Plastic by the numbers

I hope you will check out my previous post, “The problem with plastics” for a better understanding of the need to reduce your plastic use in the first place. In addition to all the information I included there, in case I haven’t convinced you yet, please read this Planet Green blog post, “Is plastic making us fat?”

So not only is plastic bad for your health and bad for the environment, it can also make you fat?! What the heck, I’m never using plastic again. The problem with that solution is it’s totally impractical. The fact is that that plastic is everywhere, so avoiding it altogether isn't realistic for most people. There are people who do almost entirely avoid plastic and live to tell – they even share their journey with us. For a look at a life (almost) plastic free, check out fakeplasticfish.com and lifelessplastic.com.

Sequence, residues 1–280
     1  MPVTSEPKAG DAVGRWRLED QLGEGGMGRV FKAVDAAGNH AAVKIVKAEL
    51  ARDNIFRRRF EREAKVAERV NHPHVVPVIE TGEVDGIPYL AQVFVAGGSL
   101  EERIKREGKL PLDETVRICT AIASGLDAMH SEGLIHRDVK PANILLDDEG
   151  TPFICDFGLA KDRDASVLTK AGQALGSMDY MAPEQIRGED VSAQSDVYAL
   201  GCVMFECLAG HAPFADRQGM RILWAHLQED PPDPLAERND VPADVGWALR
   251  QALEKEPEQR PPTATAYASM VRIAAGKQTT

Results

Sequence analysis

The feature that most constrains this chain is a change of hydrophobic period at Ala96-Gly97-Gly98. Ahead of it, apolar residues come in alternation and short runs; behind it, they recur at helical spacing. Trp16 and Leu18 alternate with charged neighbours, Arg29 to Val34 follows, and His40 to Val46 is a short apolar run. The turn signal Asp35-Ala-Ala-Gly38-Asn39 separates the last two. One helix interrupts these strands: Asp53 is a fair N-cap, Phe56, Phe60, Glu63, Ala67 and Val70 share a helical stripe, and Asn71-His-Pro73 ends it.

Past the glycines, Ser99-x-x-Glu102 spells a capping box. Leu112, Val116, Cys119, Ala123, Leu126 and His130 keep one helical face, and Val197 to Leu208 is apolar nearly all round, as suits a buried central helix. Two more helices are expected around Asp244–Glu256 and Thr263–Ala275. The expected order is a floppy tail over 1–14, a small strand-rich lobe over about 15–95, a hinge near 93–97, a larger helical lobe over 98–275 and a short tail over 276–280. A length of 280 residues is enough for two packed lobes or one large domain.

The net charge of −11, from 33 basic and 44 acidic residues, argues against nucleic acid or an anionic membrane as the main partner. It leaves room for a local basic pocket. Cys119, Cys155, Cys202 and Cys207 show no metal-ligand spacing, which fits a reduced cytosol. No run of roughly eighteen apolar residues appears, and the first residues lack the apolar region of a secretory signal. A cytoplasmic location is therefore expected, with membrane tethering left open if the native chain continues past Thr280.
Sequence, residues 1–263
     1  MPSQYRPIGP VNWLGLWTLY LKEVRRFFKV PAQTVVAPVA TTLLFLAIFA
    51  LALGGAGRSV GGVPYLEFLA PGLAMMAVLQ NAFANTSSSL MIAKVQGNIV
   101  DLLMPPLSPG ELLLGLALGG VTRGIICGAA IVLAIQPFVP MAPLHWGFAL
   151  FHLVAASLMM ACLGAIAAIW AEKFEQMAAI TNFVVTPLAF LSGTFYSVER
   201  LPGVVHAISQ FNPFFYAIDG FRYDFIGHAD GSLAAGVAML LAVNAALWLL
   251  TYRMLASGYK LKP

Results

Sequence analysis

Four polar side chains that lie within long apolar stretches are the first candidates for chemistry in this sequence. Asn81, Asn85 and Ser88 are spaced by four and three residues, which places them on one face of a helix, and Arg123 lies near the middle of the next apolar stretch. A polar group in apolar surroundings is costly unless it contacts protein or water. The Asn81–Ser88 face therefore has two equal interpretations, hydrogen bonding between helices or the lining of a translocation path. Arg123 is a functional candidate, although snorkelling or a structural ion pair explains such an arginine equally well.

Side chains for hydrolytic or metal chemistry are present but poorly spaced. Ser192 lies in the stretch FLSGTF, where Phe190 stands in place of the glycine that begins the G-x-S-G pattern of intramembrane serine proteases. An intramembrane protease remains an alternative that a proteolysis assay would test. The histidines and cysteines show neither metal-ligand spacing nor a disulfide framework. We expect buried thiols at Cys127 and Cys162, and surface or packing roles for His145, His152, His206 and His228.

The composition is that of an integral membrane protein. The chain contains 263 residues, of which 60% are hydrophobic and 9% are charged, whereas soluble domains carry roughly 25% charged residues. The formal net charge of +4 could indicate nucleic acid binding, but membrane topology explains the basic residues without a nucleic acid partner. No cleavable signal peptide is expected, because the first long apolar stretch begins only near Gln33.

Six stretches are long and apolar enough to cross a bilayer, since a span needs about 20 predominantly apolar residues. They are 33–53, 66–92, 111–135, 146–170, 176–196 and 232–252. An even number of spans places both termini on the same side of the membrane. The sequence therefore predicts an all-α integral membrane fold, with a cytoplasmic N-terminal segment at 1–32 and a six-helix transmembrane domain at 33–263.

If avoiding plastic completely is not practical for you, what’s the answer? I think it’s to use plastics more wisely and more sparingly. You can reduce your use of disposable plastic, and choose safer plastics, particularly for those items that are likely to come into contact with your mouth, which is the most common way the chemicals in plastic enter our bodies.


The first step to choosing safer plastics is to understand what the numbers represent. So turn your plastic container over, check out the number inside the triangle, and read on to see what those numbers mean.

Safer plastics include:

  • #1 PETE or PET (polyethylene terephthalate) – this plastic is used for most clear beverage bottles, such as water bottles, and two-liter soda bottles. It is one of the most commonly recycled plastics on the planet. The key here is to think about the No. 1 meaning “one-time use”. So don't reuse single-use plastics. They can break down and release chemicals into your food or beverage when used repeatedly.
  • #2 HDPE (high-density polyethylene) – used to make most milk jugs, shampoo bottles, and laundry detergent bottles. Because No. 2 plastic has been found not to leach, Nalgene water bottles are now made from this plastic rather than No. 7 as they were previously.